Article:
The Cathedral of St. Philip - Atlanta, GA

Waiting with Patience

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A sermon by the Rev. Canon George M. Maxwell, Jr.
The Fifth Sunday after Pentecost - Proper 11A

For in hope we were saved. Now hope that is seen is not hope. For who hopes for what is seen? But, if we hope for what we do not see, we wait for it with patience.-- Romans 8:24-25

She was born in New York City to a family of vast wealth and privilege. Yet, these advantages did not quiet her spirit. They did not leave her content with things as they were.

Anna Eleanor Roosevelt is said to have endured a childhood characterized by more than the expected amount of insecurity and fear. She was named after her mother and father, both of whom died before she was ten years old. She was beautiful in ways not always recognized by the gendered prejudices of her world.

Her papers reveal that she considered herself "ugly" when she was growing up. Yet, when she was only fourteen years old, she wrote, "no matter how plain a woman may be, if truth and loyalty are stamped upon her face, all will be attracted to her."

It seems that Roosevelt understood from an early age something about what Paul means when he calls us to wait with patience.

And, this fruit of the spirit - waiting with patience - is a good metaphor for the Christian life. We believe, after all, that we have seen the future. We believe that we have heard God's promise of new heavens and a new earth.

Yet, we live in the present. We live with the awareness that what will be, what Christ has already begun, is also not yet here.

We live, in other words, in anticipation - working hard to act now as if the future is already here.

Although Eleanor Roosevelt's character reflects this virtue of patience in many instances, none stands out like the story of her relationship with Marian Anderson.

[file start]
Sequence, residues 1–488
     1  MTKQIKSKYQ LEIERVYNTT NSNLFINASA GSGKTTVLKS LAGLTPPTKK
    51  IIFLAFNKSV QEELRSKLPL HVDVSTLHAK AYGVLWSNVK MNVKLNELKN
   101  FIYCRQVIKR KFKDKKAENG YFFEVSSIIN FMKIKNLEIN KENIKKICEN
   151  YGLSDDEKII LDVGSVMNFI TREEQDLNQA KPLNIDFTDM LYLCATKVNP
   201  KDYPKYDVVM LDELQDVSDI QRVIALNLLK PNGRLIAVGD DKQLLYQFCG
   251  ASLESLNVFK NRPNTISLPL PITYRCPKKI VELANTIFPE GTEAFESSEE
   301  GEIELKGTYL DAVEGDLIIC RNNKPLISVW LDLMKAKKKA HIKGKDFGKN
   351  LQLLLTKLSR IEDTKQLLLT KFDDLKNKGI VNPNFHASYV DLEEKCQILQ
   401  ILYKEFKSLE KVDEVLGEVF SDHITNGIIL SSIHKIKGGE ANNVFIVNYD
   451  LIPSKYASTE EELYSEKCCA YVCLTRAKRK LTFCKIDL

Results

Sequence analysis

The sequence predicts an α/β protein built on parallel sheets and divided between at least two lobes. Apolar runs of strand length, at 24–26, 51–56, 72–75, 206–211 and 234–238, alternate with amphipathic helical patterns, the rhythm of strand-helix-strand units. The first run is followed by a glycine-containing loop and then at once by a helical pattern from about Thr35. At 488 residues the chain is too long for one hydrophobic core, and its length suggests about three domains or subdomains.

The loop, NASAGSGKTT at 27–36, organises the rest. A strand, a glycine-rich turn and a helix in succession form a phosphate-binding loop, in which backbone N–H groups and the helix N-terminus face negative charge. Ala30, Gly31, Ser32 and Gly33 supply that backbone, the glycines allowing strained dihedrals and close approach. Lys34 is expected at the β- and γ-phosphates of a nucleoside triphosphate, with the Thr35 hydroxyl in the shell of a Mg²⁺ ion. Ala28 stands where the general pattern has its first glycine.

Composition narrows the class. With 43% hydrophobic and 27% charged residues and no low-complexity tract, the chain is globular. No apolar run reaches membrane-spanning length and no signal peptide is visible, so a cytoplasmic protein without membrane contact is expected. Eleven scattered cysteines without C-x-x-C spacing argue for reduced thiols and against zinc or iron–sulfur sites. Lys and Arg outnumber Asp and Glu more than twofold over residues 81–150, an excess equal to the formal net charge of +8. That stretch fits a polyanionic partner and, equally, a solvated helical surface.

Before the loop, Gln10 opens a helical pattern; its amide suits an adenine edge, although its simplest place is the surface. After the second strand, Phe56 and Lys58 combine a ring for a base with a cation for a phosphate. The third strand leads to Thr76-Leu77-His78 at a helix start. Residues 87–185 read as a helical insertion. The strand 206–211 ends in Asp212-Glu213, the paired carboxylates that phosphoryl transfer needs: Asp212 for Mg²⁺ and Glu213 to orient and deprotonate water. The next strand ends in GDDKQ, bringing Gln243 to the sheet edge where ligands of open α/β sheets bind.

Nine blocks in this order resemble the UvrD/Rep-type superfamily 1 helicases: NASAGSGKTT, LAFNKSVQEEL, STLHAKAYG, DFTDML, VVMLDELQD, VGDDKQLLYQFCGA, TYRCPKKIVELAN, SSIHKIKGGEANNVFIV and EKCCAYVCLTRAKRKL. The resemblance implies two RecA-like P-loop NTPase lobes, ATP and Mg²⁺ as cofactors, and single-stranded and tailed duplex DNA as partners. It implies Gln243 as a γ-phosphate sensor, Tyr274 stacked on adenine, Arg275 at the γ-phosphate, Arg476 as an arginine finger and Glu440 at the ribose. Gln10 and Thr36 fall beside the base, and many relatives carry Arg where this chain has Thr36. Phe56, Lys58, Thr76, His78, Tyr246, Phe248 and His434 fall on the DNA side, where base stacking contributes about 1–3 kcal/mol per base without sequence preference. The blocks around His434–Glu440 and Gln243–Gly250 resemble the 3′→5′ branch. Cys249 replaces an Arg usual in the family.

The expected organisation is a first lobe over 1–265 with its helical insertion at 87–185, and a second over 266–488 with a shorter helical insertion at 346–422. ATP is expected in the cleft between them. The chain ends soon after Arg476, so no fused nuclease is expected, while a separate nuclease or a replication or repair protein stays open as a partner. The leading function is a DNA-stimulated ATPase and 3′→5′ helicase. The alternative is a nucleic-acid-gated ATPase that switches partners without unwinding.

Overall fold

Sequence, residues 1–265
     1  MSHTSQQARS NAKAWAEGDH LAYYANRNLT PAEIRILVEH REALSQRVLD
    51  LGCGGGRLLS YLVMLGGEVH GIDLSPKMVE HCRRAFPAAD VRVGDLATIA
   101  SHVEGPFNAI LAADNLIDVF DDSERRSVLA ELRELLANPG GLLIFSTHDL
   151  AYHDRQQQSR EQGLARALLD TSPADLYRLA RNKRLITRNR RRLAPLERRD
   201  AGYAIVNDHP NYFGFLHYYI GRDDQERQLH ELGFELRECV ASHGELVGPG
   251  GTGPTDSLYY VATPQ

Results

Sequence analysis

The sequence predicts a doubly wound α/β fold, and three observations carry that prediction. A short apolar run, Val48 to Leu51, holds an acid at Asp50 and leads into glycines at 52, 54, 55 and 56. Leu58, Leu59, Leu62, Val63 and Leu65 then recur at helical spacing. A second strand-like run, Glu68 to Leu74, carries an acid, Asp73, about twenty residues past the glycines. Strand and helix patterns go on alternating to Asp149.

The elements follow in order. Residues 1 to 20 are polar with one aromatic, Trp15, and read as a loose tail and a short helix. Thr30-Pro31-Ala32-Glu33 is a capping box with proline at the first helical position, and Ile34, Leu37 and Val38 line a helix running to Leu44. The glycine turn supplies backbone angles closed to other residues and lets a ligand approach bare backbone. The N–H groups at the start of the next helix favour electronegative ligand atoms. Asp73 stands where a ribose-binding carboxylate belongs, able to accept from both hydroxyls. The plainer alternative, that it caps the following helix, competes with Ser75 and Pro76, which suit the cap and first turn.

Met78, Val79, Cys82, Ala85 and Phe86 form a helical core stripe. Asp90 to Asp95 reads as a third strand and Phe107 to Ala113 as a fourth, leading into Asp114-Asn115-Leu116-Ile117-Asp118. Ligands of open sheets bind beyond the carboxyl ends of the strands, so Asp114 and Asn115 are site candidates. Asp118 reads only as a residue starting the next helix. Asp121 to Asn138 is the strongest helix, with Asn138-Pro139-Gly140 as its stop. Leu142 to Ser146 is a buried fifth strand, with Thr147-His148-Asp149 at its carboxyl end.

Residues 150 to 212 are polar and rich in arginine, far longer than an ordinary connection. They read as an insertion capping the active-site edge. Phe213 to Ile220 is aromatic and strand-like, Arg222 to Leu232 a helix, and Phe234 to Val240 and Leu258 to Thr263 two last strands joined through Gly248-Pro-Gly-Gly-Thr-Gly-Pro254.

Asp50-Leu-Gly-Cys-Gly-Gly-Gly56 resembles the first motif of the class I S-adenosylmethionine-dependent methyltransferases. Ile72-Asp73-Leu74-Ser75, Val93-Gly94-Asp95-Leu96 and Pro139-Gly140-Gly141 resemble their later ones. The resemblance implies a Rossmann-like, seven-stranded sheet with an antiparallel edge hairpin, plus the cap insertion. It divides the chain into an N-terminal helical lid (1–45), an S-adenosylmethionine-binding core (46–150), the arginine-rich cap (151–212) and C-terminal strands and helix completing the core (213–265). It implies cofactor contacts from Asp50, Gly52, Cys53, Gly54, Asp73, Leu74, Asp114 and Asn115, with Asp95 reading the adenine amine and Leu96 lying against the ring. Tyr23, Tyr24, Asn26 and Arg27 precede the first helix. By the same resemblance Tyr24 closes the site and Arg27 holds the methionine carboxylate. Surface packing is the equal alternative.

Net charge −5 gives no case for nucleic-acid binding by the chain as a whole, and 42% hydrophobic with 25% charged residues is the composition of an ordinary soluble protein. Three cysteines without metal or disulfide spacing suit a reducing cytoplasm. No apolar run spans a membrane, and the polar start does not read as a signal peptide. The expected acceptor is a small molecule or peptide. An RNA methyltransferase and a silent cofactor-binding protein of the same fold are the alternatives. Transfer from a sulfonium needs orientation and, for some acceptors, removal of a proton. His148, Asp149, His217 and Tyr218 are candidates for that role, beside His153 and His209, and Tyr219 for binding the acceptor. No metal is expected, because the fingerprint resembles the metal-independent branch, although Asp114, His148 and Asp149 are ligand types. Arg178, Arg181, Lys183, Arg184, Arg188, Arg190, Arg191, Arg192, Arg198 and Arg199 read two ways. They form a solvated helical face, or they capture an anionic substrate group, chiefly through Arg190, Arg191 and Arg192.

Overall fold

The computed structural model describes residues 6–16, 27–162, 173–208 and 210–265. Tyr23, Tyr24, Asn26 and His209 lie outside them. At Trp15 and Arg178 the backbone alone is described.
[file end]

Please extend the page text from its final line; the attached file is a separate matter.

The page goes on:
Roosevelt first met Anderson in 1935. The young black singer was invited to perform at the White House, after she had been enthusiastically received in Europe's most famous concert halls.

Beginning in 1936, Anderson sang an annual concert for the benefit the Howard University School of Music in Washington, D.C. As her fame and reputation grew, so did the popularity of these concerts. Organizers had to find larger and larger venues each year.

In January of 1939, Howard asked the Daughters of the American Revolution for permission to use its Washington, D.C. auditorium, Constitution Hall. Constitution Hall housed the DAR's national headquarters and hosted its annual conventions. It was the largest auditorium in the capital, with a seating capacity of 4,000.

The petition was denied.

At first, Howard was told that the Hall was already booked. But, after alternate dates were also rejected, it became clear that there were other reasons behind the decision.

Ultimately, it became known that the DAR had agreed to a "white performers only" policy to quiet protests of several of the donors who had given money to build the facility. The donors objected to the practice of seating whites and blacks together at concerts of black artists.

Artists, politicians, newspapers, radio stations, and a new organization called the Marian Anderson Citizens Committee attempted to pressure the DAR into making an exception. But, the organization held its ground.

Roosevelt was a member of the DAR. She had been extended a membership card when her husband ascended to the presidency after the 1932 election. She decided not to challenge the DAR's decision publicly. They would not listen to her, she reasoned. And, there were plenty of more active members who would come out against it.

Instead, she decided to support Marian Anderson in a different way. She agreed to present the Springarn Medal to Anderson at the upcoming national convention of the National Association for the Advancement of Colored People. And, she invited Anderson to perform at the White House again - this time for the King and Queen of England.

As the controversy over Anderson's exclusion from Constitution Hall continued, however, Roosevelt began to realize that there wasn't going to be any real protest from within the organization. There wasn't going to be a groundswell of more active members of the DAR challenging the discriminatory policy.

So, she became active again. In late February of 1939, realizing that she was going to antagonize a number of her husband's supporters, Roosevelt resigned from the DAR. She also sent a telegram to the Marian Anderson Citizens Committee expressing her disappointment that Anderson was being denied a concert venue.